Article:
Real Estate Center Economist: Different Solution to Mortgage Crisis Needed

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The five-year freeze on mortgage interest rates recently announced by the federal government may be intended to help responsible homeowners avoid foreclosure, but a noted economist with the Real Estate Center at Texas A&M University says there may be a better solution to the mortgage crisis.

The federal government has to be very careful in addressing this problem

The five-year freeze on mortgage interest rates recently announced by the federal government may be intended to help responsible homeowners avoid foreclosure, but a noted economist with the Real Estate Center at Texas A&M University says there may be a better solution to the mortgage crisis.

“The federal government has to be very careful in addressing this problem,” said Dr. Mark Dotzour, the Center’s chief economist. “Aggressive government intervention in the mortgage market will only create additional uncertainty for bond investors. Freezing interest rates is a bad idea. When you tell an investor that the contract they hold is no longer valid, it constitutes actual taking of private property.”

Dotzour added that if the government intervenes and rewrites the terms of existing mortgage contracts, bond investors will become leery of buying mortgage bonds in the future and will demand higher interest rates for the higher perceived risk.

Research Economist Dr. James Gaines, also with the Center, agrees, calling the basic premise of the plan shaky and the details sketchy.

“For the most part, the homeowners and borrowers likely to benefit from the interest rate freeze are the very same people who would have the best chance of renegotiating their loans with the lender in the first place — a borrower with a relatively sound credit rating and a history of making payments who simply needs a little help to keep from going into full default,” Gaines said.

So how can the federal government speed the recovery process in the U.S. housing markets?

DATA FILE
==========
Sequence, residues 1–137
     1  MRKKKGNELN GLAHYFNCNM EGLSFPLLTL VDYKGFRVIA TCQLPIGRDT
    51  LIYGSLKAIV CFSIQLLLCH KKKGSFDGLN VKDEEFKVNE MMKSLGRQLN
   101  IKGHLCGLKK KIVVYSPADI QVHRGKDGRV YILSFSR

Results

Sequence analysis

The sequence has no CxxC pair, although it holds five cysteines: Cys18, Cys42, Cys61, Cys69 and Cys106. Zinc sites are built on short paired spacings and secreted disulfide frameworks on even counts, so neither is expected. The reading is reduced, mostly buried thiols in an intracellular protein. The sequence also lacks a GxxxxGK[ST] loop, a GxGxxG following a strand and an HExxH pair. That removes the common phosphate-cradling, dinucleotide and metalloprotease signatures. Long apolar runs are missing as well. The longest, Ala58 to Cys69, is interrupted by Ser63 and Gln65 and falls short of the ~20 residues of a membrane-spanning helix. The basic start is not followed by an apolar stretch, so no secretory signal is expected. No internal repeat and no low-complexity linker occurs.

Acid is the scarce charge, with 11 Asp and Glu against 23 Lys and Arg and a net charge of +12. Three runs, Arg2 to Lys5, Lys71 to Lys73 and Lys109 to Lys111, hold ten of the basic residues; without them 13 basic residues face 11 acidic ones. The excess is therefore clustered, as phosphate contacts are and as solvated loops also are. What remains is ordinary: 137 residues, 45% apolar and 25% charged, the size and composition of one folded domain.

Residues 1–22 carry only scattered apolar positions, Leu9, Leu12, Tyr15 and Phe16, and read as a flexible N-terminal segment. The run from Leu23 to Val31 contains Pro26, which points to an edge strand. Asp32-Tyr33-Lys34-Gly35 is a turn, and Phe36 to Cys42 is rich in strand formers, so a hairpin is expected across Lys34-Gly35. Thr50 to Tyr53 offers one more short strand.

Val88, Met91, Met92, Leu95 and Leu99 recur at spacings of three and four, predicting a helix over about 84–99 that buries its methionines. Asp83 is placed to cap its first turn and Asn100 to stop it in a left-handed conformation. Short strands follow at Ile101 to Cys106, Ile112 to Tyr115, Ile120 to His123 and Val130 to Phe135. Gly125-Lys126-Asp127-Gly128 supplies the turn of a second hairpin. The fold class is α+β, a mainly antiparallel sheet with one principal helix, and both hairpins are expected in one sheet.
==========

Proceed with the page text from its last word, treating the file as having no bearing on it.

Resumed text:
The first thing the government should do, Dotzour said, is cut short-term interest rates to 2 or 3 percent. At the same time, they could aggressively purchase mortgage bonds and long treasuries to drive down the ten-year yield, which Dotzour said has already dropped below 4 percent in the past six months.

After that, the government needs to address the increased risk premium in the mortgage market by establishing conservative mortgage guidelines and creating a new government “seal of approval” for mortgage loans that meet standard underwriting guidelines. Dotzour said this would help raise confidence in private bond rating agencies and the mortgage insurance industry.

“Together, these efforts would drive down mortgage interest rates dramatically and allow American homeowners to refinance,” Dotzour said. “This looks like heavy-handed government intervention into the housing market, but we are likely to see heavy-handed intervention anyway, so we might as well do something that might actually work.”

The Real Estate Center (http://recenter.tamu.edu) has been providing solutions through research for 35 years. Funded primarily by Texas real estate licensee fees, the Center was created by the state legislature to meet the needs of many audiences, including the real estate industry, instructors, researchers and the general public.

Note to Editors
To interview Dr. Mark Dotzour, call 979-862-6292

Additional research information:

Dr. James Gaines, 979-845-2079

Other contacts: Bryan Pope, 979-845-2088, BPope(at)mays.tamu.edu. For information on the Real Estate Center, contact Senior Editor David. S. Jones at 979-845-2039 (voice), 979-845-0460 (fax) or djones(at)recenter.tamu.edu. More than 29,000 pages of data are available at the Center’s web site.

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